A Large, Magnificent Roman Building, c. 1,800 Years Old, was Exposed in the City of David





A spacious edifice from the Roman period (third century CE) – apparently a mansion that belonged to a wealthy individual – was recently exposed in the excavations the Israel Antiquities Authority is carrying out in the 'Givati Car Park' at the City of David, in the Walls Around Jerusalem National Park. The excavations are being conducted at the site on behalf of the IAA and in cooperation with the Nature and Parks Authority, and are underwritten by the ‘Ir David Foundation.

According to Dr. Doron Ben-Ami, the excavation director on behalf of the IAA, together with Yana Tchekhanovets, “Although we do not have the complete dimensions of the structure, we can cautiously estimate that the building covered an area of approximately 1,000 square meters. In the center of it was a large open courtyard surrounded by columns. Galleries were spread out between the rows of columns and the rooms that flanked the courtyard. The wings of the building rose to a height of two stories and were covered with tile roofs”.

A large quantity of fresco fragments was discovered in the collapsed ruins from which the excavators deduced that some of the walls of the rooms were treated with plaster and decorated with colorful paintings. The painted designs that adorned the plastered walls consisted mostly of geometric and floral motifs. Its architectural richness, plan and particularly the artifacts that were discovered among its ruins bear witness to the unequivocal Roman character of the building. The most outstanding of these finds are a marble figurine in the image of a boxer and a gold earring inlaid with precious stones.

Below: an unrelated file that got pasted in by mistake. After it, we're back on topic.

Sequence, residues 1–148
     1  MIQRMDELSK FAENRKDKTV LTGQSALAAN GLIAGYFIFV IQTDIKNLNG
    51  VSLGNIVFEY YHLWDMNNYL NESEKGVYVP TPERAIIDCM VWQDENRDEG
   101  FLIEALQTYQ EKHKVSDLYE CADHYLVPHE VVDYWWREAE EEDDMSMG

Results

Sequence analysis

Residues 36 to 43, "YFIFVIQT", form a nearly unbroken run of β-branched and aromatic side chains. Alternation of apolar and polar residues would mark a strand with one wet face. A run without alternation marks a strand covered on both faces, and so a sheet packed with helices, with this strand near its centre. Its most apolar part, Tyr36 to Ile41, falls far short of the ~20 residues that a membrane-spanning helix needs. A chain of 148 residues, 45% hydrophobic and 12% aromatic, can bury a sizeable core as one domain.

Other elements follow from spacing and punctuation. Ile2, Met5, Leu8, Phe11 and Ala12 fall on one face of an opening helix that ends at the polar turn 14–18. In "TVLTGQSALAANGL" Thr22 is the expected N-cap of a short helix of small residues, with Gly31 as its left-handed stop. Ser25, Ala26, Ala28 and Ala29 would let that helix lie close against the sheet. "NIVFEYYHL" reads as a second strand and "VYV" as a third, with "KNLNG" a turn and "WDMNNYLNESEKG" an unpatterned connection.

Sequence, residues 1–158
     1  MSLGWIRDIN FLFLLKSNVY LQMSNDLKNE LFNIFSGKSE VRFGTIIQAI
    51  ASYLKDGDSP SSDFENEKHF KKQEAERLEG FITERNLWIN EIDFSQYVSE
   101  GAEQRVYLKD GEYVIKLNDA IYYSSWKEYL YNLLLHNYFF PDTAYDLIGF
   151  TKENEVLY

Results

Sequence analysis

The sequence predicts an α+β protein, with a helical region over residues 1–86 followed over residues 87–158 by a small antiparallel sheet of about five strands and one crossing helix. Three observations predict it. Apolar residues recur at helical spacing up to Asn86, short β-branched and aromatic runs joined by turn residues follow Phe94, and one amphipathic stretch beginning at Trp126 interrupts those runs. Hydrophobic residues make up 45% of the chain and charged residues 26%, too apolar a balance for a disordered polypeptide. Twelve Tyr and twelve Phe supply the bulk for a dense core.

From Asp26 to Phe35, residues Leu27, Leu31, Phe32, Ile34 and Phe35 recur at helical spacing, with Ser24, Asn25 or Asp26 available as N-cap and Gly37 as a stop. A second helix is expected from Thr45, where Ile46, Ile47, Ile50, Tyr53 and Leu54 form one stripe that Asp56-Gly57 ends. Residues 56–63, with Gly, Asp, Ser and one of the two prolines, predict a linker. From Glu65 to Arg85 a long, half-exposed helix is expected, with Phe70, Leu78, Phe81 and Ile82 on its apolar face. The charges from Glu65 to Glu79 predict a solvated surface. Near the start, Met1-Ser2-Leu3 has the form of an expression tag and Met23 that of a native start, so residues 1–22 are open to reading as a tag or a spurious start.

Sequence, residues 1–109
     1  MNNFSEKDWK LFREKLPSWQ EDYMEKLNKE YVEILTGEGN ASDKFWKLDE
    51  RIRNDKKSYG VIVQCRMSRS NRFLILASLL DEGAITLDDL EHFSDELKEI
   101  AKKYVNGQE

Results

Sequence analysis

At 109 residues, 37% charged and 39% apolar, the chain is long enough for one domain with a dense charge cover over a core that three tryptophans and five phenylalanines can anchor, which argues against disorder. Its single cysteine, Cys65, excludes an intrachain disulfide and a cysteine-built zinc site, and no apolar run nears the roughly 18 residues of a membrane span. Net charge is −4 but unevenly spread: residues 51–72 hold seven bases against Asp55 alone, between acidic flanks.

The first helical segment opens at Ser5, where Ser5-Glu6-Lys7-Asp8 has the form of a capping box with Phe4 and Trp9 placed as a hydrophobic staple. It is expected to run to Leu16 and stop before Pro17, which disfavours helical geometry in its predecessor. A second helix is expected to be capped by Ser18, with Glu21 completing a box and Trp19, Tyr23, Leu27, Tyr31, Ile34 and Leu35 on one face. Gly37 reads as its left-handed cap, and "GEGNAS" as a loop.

The building, which was constructed during the third century CE, was shaken by a tremor in the fourth century, the results of which are clearly apparently in the excavation area:the walls of the rooms caved-in and their stone collapse, which was piled high, covered the walls of the bottom floor, some of which still stand to a considerable height. Architectural elements such as columns and capitals, as well as mosaics and the large amount of fresco fragments that were used in the rooms of the second story were discovered inside the collapsed ruins. The coins that were discovered among the collapse and on the floors indicated the building’s ruins should be dated to circa 360 CE. It seems that what we have here is archaeological evidence of the results of the earthquake that struck our region in 363 CE...



comments powered by Disqus

Subscribe to our mailing list